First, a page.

Two sea kayakers die from exposure after being overturned in Dungeness Bay

Posted 4/13/15

The tragic death of two sea kayakers April 11 on Dungeness Bay in Clallam County is a reminder of how being unprepared for sudden weather changes can prove fatal.

Seven people in seven sea kayaks …

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Two sea kayakers die from exposure after being overturned in Dungeness Bay

Posted

The tragic death of two sea kayakers April 11 on Dungeness Bay in Clallam County is a reminder of how being unprepared for sudden weather changes can prove fatal.

Seven people in seven sea kayaks were on a recreational paddle Saturday, April 11 on Dungeness Bay, a trip organized by the Mountain View Church of the Nazarene in Tumwater, Washington. The Dungeness Spit trip means paddling about three miles out to the New Dungeness Lighthouse, and three miles back to the main boat launch. It is considered a trip suitable for beginning paddlers.

After a morning paddle and a lunch break near the lighthouse, the weather turned rainy and windy as the group was returning to shore. Three of the kayakers were overturned from their craft, with water temperatures in that area this time of year being in the high 40s.

All three were eventually rescued, but not until each spent an estimated two hours in the cold water. Two of the three died while receiving medical treatment.

Although their sea kayaks were apparently equipped with storm skirts and pumps, and everyone on the outing had on a personal flotation device, none of the victims were wearing clothing to help them withstand being in the water.

"Wearing a drysuit will greatly increase your chances of surviving in this water," said Jeff Gearhart, a search and rescue controller at Sector Puget Sound.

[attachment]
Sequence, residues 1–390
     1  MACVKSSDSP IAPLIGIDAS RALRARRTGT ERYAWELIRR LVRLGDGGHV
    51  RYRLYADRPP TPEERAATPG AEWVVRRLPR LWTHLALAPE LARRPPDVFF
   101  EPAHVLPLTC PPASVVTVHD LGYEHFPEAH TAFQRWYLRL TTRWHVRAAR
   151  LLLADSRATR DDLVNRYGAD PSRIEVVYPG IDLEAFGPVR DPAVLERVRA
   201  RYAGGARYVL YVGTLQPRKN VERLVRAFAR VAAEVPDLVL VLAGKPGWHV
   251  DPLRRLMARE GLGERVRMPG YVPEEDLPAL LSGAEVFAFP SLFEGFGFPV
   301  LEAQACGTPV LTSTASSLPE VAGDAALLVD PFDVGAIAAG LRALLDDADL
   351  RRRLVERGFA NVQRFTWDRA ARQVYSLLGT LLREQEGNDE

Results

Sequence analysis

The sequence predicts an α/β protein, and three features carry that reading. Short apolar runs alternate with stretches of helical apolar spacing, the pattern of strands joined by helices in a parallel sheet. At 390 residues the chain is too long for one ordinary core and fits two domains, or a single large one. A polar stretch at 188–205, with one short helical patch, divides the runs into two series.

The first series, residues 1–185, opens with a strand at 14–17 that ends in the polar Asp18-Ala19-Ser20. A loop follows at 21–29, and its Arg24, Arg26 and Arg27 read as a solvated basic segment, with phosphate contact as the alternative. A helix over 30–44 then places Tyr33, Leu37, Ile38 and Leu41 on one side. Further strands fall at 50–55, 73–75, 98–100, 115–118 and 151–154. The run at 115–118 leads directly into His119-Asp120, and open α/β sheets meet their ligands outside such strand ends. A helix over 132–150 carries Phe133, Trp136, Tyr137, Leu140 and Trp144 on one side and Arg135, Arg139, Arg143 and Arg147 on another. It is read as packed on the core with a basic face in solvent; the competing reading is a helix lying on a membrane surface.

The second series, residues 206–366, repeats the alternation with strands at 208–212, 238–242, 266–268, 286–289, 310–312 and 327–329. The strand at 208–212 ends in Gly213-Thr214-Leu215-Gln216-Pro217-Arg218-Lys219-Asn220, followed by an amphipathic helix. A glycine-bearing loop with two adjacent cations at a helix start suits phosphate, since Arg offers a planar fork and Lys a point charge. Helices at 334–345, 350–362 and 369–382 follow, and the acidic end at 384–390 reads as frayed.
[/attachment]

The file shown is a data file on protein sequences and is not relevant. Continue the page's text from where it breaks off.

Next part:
The victims are Jacob Austin, 52, of Lacey, who died Saturday at Olympic Medical Center in Port Angeles; and Mandi Walkley, 39 of Chehalis who died Saturday night at PeaceHealth St. Joseph Medical Center in Bellingham.

The weather Saturday morning seemed OK for the kayak trip, according to organizers. However, the Clallam County Sheriff's Office noted that a weather advisory had been posted April 10 calling for windy weather conditions on April 11.

Rescuers reported the weather on scene as 35 mph winds and 3-foot high seas.

Rescue operations began when U.S. Coast Guard Sector Puget Sound watchstanders received a report from an individual at the New Dungeness Lighthouse of a possible kayaker in distress around 2:42 p.m. Saturday, April 11. A Response Boat-Medium crew from Coast Guard Station Port Angeles, and an MH-65 Dolphin helicopter crew from Coast Guard Air Station Port Angeles, were launched in response.

The Dolphin helicopter crew arrived on scene to find the 50-year-old kayaker alone in the water. Using their rescue swimmer, they hoisted the kayaker and then transported him to Port Angeles where he was transferred to emergency medical personnel at Olympic Medical Center. William D. Kelley of Lacey on April 13 was listed in serious condition at Harborview Medical Center in Seattle.

The RB-M crew recovered a 52-year-old kayaker and transferred him to Clallam County emergency medical personnel at the John Wayne Marina in Sequim, who transported him to Olympic Medical Center.

Sector Puget Sound watchstanders requested assistance from Naval Air Station Whidbey Island personnel, who launched an HH-60 Seahawk helicopter crew. They recovered the 39-year-old kayaker and transported her to Olympic Medical Center.

The Coast Guard reminds people to check National Weather Service reports before taking to the open water in any small boat, and to dress according to the weather and water temperature.

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